Iran Bows to Turkmenistan

by Joshua Foust on 4/22/2008 · 1 comment

Remember when Iran and Turkmenistan got into a dispute over the price of gas Ashgabat was selling to Tehran? Well, Iran is backing down:

On April 19, Iranian officials, who have managed to fight the international community to a standoff in the confrontation over the country’s nuclear program, were forced to admit defeat in the gas pricing dispute. “If Turkmenistan wants a logical increase in the price of gas, it is okay with Iran because this country [Turkmenistan] is selling its gas to Russia with a new price,” Ali Kordan, Iran’s vice oil minister, was quoted by the Fars New Agency as saying. The announcement served as tacit recognition that the regional pricing structure for gas had been blown up by the March decision by the Russian conglomerate Gazprom to pay Central Asian producers a “European market” price for gas exports.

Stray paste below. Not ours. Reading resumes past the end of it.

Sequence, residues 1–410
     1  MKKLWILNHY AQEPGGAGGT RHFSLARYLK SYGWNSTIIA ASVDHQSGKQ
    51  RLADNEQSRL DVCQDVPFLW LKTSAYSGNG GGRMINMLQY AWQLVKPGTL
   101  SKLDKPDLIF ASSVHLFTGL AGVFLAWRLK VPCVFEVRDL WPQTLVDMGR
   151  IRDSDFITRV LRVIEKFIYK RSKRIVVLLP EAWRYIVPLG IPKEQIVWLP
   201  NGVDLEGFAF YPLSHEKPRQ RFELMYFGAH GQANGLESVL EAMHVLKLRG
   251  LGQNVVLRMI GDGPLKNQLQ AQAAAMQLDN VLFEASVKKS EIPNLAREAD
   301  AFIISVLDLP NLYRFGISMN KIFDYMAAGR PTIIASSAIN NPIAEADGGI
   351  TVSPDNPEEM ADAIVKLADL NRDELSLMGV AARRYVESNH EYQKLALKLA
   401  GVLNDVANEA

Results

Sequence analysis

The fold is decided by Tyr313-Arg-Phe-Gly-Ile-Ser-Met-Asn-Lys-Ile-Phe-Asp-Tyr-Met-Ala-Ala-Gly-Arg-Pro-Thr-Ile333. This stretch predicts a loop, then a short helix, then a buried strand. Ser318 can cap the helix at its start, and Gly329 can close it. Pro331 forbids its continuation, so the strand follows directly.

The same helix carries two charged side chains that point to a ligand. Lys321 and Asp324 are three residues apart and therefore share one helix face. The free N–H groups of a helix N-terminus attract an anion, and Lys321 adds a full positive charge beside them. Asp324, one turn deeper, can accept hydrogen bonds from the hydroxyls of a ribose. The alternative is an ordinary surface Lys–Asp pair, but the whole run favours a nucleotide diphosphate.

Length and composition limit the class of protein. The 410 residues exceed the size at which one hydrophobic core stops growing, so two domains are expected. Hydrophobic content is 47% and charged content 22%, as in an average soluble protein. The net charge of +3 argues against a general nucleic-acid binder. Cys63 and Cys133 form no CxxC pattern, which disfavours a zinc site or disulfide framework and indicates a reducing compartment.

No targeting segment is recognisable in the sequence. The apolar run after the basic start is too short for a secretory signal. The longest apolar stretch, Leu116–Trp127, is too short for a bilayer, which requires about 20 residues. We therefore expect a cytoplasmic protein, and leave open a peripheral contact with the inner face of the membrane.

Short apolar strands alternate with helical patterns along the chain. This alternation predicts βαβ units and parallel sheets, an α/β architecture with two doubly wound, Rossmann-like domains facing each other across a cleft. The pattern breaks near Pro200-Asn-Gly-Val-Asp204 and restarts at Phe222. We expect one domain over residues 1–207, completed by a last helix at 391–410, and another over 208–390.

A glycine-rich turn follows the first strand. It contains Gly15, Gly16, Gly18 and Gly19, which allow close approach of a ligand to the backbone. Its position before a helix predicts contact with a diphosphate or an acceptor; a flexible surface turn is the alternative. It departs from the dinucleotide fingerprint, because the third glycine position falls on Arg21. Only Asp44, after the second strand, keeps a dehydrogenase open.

Gazprom to the rescue? What a fun precedent for the region!

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This post was written by...

– author of 1848 posts on 17_PersonNotFound.

Joshua Foust is a Fellow at the American Security Project and the author of Afghanistan Journal: Selections from His research focuses primarily on Central and South Asia. Joshua is a correspondent for The Atlantic and a columnist for PBS Need to Know. Joshua appears regularly on the BBC World News, Aljazeera, and international public radio. Joshua's writing has appeared in the Columbia Journalism Review, Foreign Policy’s AfPak Channel, the New York Times, Reuters, and the Christian Science Monitor. Follow him on twitter: @joshuafoust

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{ 1 comment }

Russell April 27, 2008 at 5:09 am

Bloody double standard. Wasn’t it Ahmedinajad himself who said oil was too cheap at $115/bbl?

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